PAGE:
Hypermethylation May Be Neuroprotective in Amyotrophic Lateral Sclerosis and Frontotemporal Degeneration

Hypermethylation May Be Neuroprotective in Amyotrophic Lateral Sclerosis and Frontotemporal Degeneration

shutterstock_185476937A research team at Penn Medicine recently found that hypermethylation is able to inhibit the development of Amyotrophic Lateral Sclerosis (ALS) and Frontotemporal Degeneration (FTD) in a study titled, “C9orf72 promoter hypermethylation is neuroprotective: Neuroimaging and neuropathologic evidence.” The results are published in the journal Neurology.

“This is the first epigenetic modification of a gene that seems to be protective against neuronal disease,” said lead author Corey McMillan, PhD, research assistant professor of Neurology in the Frontotemporal Degeneration Center in the Perelman School of Medicine at the University of Pennsylvania in a recent news release.

Studies have suggested that expansions of the gene C9orf72 are linked to the TDP-43 TAR DNA binding protein, which is related to both ALS and FTD. “Understanding the role of C9orf72 has the possibility to be truly translational and improve the lives of patients suffering from these devastating diseases,” said senior author, Edward Lee, MD, PhD, assistant professor of Neuropathology in Pathology and Laboratory Medicine at Penn.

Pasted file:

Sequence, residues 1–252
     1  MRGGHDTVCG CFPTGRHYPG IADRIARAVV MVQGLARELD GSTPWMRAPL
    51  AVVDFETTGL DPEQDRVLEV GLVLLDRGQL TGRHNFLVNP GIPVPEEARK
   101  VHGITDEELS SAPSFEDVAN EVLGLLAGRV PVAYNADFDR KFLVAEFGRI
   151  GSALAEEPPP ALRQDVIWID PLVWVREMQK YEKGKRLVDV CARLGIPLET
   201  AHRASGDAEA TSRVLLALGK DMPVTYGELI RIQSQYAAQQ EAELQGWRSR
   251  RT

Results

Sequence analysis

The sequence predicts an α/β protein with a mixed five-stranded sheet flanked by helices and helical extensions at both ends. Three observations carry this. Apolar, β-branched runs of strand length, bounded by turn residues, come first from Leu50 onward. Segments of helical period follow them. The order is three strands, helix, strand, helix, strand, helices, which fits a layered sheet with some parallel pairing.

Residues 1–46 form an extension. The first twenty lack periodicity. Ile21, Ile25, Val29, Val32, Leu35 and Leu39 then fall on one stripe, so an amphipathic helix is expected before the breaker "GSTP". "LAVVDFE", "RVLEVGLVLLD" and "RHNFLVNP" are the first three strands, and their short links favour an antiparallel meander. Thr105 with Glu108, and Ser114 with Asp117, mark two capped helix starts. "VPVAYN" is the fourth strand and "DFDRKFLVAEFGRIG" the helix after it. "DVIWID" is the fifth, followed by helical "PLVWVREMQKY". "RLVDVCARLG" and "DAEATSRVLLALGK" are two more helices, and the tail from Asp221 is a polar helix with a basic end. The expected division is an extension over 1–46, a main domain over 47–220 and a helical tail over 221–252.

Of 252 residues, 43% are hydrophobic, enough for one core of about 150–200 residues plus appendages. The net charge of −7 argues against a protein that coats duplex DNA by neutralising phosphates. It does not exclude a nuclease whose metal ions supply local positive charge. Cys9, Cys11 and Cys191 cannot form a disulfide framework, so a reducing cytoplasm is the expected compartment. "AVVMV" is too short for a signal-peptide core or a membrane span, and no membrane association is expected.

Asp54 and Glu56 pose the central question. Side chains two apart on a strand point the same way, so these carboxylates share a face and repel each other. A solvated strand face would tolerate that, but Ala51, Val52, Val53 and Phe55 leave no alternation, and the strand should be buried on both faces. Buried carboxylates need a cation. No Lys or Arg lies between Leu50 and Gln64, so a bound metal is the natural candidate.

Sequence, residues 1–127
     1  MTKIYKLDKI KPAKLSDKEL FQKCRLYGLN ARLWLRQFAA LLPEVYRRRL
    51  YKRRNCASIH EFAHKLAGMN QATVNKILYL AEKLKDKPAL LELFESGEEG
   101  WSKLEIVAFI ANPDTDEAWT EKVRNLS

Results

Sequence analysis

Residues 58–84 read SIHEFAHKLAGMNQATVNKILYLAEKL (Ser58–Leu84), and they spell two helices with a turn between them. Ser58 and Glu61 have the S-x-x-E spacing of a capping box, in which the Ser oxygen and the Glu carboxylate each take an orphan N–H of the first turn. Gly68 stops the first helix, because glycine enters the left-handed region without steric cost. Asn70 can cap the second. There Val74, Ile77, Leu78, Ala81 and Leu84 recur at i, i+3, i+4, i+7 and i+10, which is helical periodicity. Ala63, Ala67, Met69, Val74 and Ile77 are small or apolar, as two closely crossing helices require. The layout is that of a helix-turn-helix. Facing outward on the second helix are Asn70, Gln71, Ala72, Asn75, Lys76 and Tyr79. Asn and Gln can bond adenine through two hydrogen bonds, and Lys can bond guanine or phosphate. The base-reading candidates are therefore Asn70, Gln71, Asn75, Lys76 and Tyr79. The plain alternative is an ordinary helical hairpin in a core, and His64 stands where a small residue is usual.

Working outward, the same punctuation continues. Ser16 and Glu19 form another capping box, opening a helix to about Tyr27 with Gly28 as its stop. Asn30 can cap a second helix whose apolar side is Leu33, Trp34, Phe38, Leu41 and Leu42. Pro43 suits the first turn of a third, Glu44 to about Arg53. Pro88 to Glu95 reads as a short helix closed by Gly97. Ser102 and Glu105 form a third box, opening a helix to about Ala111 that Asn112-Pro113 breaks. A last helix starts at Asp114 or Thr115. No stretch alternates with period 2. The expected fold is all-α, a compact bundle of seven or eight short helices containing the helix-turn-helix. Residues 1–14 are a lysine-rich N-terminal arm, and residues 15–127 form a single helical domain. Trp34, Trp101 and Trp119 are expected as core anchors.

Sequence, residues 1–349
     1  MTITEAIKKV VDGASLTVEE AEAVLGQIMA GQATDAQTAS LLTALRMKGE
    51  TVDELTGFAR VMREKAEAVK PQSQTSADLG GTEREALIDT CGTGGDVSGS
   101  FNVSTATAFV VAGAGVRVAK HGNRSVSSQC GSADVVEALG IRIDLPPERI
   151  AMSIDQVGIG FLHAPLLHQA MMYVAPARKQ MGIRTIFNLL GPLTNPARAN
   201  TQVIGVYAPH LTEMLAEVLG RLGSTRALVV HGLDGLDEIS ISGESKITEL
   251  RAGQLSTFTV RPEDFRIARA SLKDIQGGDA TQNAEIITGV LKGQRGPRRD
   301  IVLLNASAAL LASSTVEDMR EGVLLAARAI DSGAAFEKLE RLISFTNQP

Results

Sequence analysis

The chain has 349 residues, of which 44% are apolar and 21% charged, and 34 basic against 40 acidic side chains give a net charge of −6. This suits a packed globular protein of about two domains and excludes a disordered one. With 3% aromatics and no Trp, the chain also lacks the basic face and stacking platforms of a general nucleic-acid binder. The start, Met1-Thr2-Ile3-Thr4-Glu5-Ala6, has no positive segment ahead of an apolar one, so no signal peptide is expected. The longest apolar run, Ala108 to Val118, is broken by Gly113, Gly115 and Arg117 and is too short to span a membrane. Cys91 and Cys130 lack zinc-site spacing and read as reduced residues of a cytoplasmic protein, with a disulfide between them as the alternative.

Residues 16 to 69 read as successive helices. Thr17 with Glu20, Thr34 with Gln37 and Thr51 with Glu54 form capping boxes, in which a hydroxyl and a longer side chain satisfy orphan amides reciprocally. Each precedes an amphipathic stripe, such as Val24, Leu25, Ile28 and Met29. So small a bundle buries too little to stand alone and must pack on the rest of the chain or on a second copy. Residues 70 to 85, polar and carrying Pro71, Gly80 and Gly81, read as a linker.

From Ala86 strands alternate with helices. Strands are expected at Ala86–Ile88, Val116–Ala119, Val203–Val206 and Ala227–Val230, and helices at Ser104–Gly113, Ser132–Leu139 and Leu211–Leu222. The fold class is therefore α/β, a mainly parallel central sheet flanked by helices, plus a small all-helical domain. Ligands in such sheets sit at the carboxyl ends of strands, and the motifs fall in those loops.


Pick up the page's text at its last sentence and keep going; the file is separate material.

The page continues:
A total of 20 patients carrying a mutation in the C9orf72 gene and with a diagnosis of FTD or ALS took part in the research. All participants were evaluated with a blood test to evaluate C9orf72 methylation levels, neuropsychological tests and neuroimaging assessments. Researchers also involved in the study a total of 25 healthy controls.

Results from the MRI showed a reduction in grey matter in many brain areas in the patient groups compared to the controls. Those patients that had hypermethylation of C9orf72 were found to have in the hippocampus thalamus and frontal cortex, more grey matter volume in areas that are affected in ALS and FTD. In order to validate the results the researchers evaluated autopsies of 35 patiets that had C9orf72 expansions and observed that an increased methylation was related with less neuronal loss in the hippocampus and the frontal cortex.

To examine the neuroprotective effects of hypermethylation, the researchers conducted a longitudinal analysis in a total of 11 of the study patients and found a that there is a reduction in the changes of hippocampal grey matter, fontal cortex and thalamus related to hypermethlation. This implies that in patients with C9orf72 hypermethylation, the disease progresses slower. The researchers also found a relationship between hypermethylation and predicted memory decline.

Findings from this study corroborate results from other studies indicating hypermethylation of C9orf72 as a neuroprotective agent. “We believe that this work provides additional data supporting the notion that C9orf72 methylation is neuroprotective and therefore opens up the exciting possibility of a new avenue for precision medicine treatments and targets for drug development in neurodegenerative disease,” said McMillan.

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